Returning to WatchTime New York this year is the Swiss haute horologist Kerbedanz. For 2019, the Neuchâtel-based brand will be presenting one of its most famous timepieces: the Maximus. The Maximus was first introduced in 2017 with the tagline, “There is no greater than Maximus,” and it backed up that statement by claiming the largest tourbillon movement inside any wristwatch. And it’s true — with a cage diameter of 27 mm, the Maximus’ tourbillon is indeed immense. Further complemented by its large caseback with gold features, the Maximus undoubtedly stands out in a crowd.
The Maximus is limited to 99 editions, and is produced with either a titanium, gold, or platinum case at a diameter of 49 mm. The case is stylistically modern, with a partially fluted side, and a large crown toward the 2 o’clock position. Underneath the sapphire domed crystal protecting the face, you’ll find large, applied gold hour markers outlining the complex and mutlilayered dial. Indicating the time are two uniquely shaped hands for the hour and minute, both centrally moved by the giant, flying tourbillon movement. Towards the top of the watch, the logo loudly proclaims “Maximus.”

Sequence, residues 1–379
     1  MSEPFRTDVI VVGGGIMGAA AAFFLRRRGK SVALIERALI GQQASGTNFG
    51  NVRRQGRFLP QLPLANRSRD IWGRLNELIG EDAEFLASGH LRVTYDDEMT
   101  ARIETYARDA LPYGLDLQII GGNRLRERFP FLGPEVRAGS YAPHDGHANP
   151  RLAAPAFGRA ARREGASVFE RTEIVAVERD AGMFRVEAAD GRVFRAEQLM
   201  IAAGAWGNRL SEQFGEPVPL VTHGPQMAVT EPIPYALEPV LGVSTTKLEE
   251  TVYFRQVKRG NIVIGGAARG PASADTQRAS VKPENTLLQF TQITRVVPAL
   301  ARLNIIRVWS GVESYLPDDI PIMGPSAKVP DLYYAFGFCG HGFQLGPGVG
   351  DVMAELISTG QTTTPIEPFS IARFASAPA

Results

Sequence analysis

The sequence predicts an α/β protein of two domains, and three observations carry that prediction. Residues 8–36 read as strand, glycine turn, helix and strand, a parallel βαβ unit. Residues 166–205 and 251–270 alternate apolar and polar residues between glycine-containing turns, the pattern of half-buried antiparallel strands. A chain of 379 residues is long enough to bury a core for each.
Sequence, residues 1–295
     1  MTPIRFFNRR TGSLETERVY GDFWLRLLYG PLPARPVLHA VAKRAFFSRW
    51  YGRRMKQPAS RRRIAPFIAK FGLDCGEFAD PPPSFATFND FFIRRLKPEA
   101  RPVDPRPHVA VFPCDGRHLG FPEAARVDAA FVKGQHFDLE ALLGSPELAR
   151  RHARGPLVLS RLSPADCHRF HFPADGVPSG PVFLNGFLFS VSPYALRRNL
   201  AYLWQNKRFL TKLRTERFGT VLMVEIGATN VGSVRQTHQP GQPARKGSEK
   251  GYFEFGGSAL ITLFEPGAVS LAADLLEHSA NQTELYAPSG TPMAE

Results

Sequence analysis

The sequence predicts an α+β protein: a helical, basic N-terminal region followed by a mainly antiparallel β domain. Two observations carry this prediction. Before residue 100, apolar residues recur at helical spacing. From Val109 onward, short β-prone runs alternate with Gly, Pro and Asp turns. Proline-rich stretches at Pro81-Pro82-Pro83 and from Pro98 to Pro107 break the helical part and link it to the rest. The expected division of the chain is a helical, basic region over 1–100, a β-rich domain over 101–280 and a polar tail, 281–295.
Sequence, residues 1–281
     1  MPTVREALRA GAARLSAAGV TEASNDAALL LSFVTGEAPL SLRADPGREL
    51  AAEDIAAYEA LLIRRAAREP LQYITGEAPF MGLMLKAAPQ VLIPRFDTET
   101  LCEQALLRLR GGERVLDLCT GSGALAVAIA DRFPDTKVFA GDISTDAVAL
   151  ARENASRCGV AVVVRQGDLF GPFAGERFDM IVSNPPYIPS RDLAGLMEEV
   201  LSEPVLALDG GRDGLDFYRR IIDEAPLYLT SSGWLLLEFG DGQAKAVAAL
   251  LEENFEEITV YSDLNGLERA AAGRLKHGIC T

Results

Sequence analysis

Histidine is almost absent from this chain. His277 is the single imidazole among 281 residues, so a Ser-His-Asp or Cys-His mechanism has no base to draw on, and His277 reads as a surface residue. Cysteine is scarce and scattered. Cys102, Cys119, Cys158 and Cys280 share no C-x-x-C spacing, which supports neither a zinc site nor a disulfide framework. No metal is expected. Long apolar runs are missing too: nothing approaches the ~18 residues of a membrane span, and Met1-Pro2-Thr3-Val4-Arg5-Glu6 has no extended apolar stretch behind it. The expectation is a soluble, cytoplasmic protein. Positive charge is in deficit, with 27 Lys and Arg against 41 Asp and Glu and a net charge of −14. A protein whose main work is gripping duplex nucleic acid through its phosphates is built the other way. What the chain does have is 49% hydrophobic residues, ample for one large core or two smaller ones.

The in-house developed Caliber KRB-08 movement of the piece is clearly its highlight, and in creating the massive mechanism Kerbedanz had to reimagine and redevelop the entire construction of a tourbillon. This was partly accomplished by using titanium for the tourbillon cage, which is a significantly lighter material than steel and allows the tourbillon to efficiently complete its rotation despite its daunting size. In comparison to traditional tourbillons, which complete a rotation in typically one minute, the Maximus completes its rotation in a unique six minutes. The movement also uses a uniquely-developed balance spring, a rack assembly with a fine-tuning screw, and a specially crafted balance wheel, each enlarged and adjusted to tame the Maximus tourbillon.
The mechanism is manually powered through a turning mechanism on the caseback, with the energy generated being stored in four parallel barrels built around a central wheel mounted on a ball bearing, this energy provides the necessary torque for driving the tourbillon. The movement itself, along with all its technological prowess, is well-finished with polished chamfering, circular patterns on the wheels, and mirror-polished screws.
The Kerbedanz Maximus is an impressive model, and one that surely shouldn’t be missed at WatchTime New York, coming up in less than a week on October 25-26 at Manhattan’s Gotham Hall. Order your tickets today!